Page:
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Pervasive Developmental Disorder (PDD) is a group of five disorders characterized by delays in the development of multiple basic functions, including socialization and communication under the ICD-10. The word "pervasive" is used to distinguish this group from "specific developmental disorders", which affect only one function.

According to the Center for Children, "All types of PDD are neurological disorders that are usually evident by age 3. In general, children who have a type of PDD have difficulty in talking, playing with other children, and relating to others, including their family ... the definition set forth in the DSM-IV (American Psychiatric Association, 1994), Pervasive Developmental Disorders are characterized by severe and pervasive impairment in several areas of development - social interaction skills; communication skills; or the presence of stereotyped behavior, interests, and activities."[1]

PDD disorders

The five disorders under PDD are:

  • Autism: It is a developmental condition that results from a disorder of the human central nervous system. It is diagnosed using specific criteria for impairments to social interaction, communication, interests, imagination and activities. [2]
  • Asperger syndrome: This Pervasive Developmental Disorder is related to autism. Some of its characteristics are: specific and passionate interests, repetitive routines or rituals, large vocabulary, unusual tone or pitch of voice, tendency towards literal thinking, difficulty understanding social norms, limited ability to interact with peers, problems with non-verbal communication, including the restricted use of gestures, unusual facial expressions, and sometimes clumsiness.
  • Childhood Disintegrative Disorder: a rare condition characterized by late onset of developmental delays in language, social development, and motor skills. Children with childhood disintegrative disorder develop typically until they reach 3 or 4 years of age. There are some cases in which the disorder strikes at an older age, as late as 10 years. Regression can be very sudden, and the child may even voice concern about what is happening, much to the parent's surprise. Some children describe or appear to be reacting to hallucinations, but the most obvious symptom is that skills apparently attained are lost.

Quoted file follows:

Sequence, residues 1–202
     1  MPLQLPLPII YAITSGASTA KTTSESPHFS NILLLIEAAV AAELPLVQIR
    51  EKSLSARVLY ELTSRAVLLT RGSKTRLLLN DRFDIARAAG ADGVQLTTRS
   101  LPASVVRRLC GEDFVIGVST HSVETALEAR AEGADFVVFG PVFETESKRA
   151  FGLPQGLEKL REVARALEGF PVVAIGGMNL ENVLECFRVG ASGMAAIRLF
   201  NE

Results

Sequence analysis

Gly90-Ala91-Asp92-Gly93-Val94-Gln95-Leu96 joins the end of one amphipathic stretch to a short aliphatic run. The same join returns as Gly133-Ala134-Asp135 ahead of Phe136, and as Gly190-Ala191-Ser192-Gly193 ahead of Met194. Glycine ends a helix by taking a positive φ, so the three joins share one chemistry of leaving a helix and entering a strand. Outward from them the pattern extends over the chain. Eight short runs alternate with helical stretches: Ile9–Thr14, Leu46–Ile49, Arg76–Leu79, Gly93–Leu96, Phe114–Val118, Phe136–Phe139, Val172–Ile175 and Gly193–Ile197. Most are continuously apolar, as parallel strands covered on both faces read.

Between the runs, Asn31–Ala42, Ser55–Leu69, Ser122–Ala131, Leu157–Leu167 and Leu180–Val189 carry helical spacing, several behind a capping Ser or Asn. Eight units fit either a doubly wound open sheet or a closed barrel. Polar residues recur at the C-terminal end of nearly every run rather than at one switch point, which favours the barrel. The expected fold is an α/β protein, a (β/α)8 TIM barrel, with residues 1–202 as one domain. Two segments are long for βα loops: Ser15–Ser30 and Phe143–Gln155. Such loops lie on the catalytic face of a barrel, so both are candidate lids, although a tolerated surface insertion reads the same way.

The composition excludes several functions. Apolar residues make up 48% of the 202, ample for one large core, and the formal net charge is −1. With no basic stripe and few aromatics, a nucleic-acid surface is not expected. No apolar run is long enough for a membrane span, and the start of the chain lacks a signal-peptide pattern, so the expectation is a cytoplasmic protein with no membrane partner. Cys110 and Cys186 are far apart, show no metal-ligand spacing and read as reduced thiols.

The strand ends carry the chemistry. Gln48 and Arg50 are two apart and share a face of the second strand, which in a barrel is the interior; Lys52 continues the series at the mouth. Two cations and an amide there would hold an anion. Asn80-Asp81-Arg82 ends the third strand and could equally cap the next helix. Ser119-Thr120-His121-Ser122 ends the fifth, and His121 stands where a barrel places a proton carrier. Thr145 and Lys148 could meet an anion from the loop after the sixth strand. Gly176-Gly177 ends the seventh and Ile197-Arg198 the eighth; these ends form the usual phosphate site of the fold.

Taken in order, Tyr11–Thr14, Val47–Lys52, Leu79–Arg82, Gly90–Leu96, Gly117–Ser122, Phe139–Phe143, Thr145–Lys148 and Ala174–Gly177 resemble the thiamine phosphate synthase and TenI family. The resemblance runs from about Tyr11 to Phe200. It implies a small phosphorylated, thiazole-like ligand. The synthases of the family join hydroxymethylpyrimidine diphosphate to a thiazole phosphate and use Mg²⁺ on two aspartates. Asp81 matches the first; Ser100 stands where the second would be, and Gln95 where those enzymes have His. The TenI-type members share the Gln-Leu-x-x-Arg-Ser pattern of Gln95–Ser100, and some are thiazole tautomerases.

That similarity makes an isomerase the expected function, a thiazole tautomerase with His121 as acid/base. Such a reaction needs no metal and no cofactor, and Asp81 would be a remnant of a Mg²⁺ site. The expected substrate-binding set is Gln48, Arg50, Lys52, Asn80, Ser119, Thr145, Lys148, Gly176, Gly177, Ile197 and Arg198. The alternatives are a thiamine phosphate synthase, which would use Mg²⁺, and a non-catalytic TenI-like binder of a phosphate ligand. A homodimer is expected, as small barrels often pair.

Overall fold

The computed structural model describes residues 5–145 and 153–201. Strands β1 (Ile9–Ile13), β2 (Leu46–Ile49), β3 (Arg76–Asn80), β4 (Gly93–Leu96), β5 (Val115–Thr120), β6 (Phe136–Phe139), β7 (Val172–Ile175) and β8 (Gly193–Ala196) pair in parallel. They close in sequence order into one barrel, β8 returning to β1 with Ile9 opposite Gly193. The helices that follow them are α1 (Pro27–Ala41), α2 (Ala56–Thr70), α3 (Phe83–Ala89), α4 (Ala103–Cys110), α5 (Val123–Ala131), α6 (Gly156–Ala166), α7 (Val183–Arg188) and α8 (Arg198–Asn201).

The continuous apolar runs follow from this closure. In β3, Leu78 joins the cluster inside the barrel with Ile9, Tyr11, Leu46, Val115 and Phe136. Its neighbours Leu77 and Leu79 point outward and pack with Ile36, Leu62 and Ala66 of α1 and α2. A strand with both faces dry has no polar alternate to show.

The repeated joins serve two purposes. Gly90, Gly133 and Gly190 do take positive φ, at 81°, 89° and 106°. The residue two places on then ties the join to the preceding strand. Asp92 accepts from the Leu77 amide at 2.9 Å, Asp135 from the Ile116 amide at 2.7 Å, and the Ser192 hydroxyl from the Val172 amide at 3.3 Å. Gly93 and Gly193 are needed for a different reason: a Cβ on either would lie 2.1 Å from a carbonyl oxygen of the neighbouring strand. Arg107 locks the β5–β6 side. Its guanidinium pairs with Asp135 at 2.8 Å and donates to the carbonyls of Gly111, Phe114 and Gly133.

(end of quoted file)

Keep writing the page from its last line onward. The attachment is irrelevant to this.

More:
• Rett syndrome: It is classified under the Pervasive Developmental Disorders, but Rett syndrome has identifiable physical differences such as low muscle tone (causing the child to seem "floppy") and stereotyped hand movements such as wringing and waving. It is a neurodevelopmental disorder that causes severe disability in young children, mostly girls. After a period of relatively normal development, children with Rett syndrome lose skills such as language, play, and hand use.
  • Pervasive Developmental Disorder - Not Otherwise Specified: It is a pervasive developmental disorder diagnosis for people with most, but not all, of the characteristics of autism. Individuals with PDD-NOS usually have an easier time adapting to life. Usually, the issues focus more on social interaction.

This classification was rendered obsolete by the DSM-5.

References

  1. Definition of PDD
  2. Diagnostic Criteria for Autistic Disorder Indiana Resource Center for Autism, Indiana Institute on Disability and Community, Indiana University. Retrieved Feb. 27, 2007

External links

Template:Wikipedia

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